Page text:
And the bar itself is the only actually interesting thing in the entire apartment. The colorful bottles, Alice, Alice Clone, Alice 3, Alice IV, and Alice Again all adorning the shelves, pretty green vines winding around sparkling bottles of pink Nonino and Green Chartreuse. Hello Kitties overseeing it all.
Our 2023 routine was defined by Friday night Destiny games, during which I mixed up the cocktails and Ralph slayed the dragons and I occasionally got on the headphones to share my recipe with whoever would listen.
The games always started at 8:30 and sometimes lasted until 2 in the morning, which was all the better to try another recipe.
We also did some fun things this year. We went to the opera, for one. That was pretty great. We joined the Whiskey Society and that was even better.
We went to Kentucky for some fun distillery tours and fabulous food.
We spent a week in New Orleans which was pretty spectacular, drinking Sazeracs and eating beignets. Working out of cigar shops and our absurdly amazing suite.
There was Pilgrimage and the Main Street Festival, Dickens and Gary Sinise & the Lt. Dan Band. Those involved food trucks, which is always a good thing, especially the pizza truck with the hot honey arugula ricotta pizza that I’d run over an old lady in a parking lot to get if there was only one slice left.
I picked up paper and pencil again, did some puzzles, practiced my Photoshop skills in a way that will come in handy for my next As Yet Unannounced new project.
So there were definitely positives. They were sometimes hard to tease out, and they often liked to come wrapped in a cloud of black dust, but if you looked really hard and squinted a lot, you could usually find something good.
2023 was also marked quite often by Other People’s Problems. The problem with Other People’s Problems is that sometimes they are worse than your own. And it is a lot easier to worry about yourself than to worry about someone else.
You can look at your own angst and malaise and beat yourself about the head a bit. But when you look at other people’s angst and malaise, you fret and wring your hands, and spend long sleepless hours trying to figure out how to help and beating yourself about the head a bit for failing. You can tolerate your own aches and pains but when you look at someone else’s aches and pains they somehow hurt more. This was a year of a lot of Other People’s Aches And Pains.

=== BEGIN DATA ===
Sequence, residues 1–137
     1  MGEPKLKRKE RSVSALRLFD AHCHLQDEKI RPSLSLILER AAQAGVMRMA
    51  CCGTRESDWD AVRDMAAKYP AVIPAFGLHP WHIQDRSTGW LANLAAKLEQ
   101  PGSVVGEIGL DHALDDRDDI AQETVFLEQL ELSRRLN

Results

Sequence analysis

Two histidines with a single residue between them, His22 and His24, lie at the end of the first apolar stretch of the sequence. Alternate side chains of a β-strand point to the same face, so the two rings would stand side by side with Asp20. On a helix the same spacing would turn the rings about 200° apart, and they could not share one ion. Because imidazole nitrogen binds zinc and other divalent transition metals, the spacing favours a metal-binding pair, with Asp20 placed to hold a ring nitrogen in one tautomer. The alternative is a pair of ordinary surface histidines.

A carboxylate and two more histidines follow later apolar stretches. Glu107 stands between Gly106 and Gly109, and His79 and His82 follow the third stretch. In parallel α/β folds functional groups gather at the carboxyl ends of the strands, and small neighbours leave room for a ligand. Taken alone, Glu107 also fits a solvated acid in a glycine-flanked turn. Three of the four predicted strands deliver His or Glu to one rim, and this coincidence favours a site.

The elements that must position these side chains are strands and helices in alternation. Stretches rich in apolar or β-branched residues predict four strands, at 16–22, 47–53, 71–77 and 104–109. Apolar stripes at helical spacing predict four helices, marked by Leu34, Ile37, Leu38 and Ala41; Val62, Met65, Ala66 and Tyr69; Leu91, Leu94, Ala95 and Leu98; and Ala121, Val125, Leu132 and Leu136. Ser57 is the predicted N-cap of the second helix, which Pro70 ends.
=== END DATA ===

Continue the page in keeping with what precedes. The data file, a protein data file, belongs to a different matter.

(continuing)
It was sort of a running joke between me and pretty much everyone I know that nobody was allowed to have any more Bad Things.
2023 proved that there is no end to the number of stupid, annoying things that can go wrong in day. The number of things that can go wrong in a day is comical.
If you can drop one thing, you can drop everything. If you can drop something once, you can drop it repeatedly.
If you can drop something and the smoke detector goes off and customer service tells you to unplug the filter right after you told them you unplugged the filter and the GPS fails the minute you need it to get to the opera that you are already late for, that is more like a normal day.
2023 proved that there are no depths to which technology will not fail and make your life miserable.
Good days could be measured in negatives.
Well, the ice didn’t go flying across the floor and under the pantry door again.
At least it’s cold enough that there are no more wasps.
The construction trucks didn’t start until 8am today, and since I was whanged out of bed by church bells anyway, it hardly matters.
And I haven’t even gotten to anything actually important.
2023 felt muted. If I had to draw a picture of it, it would be a muddy rut in a long road through the middle of nowhere.
2023 felt like a waiting room.
But it’s coming to an end anyway. Everything does. I will take the good things and the good memories into 2024 and tie a brick around the rest and dump it into the river. I invite you to join me, with gratitude for the things that keep us going, and a little sniff with a cocktail in one hand to brush off the rest.
Photo: 2023 in a nutshell. I think we’re done here.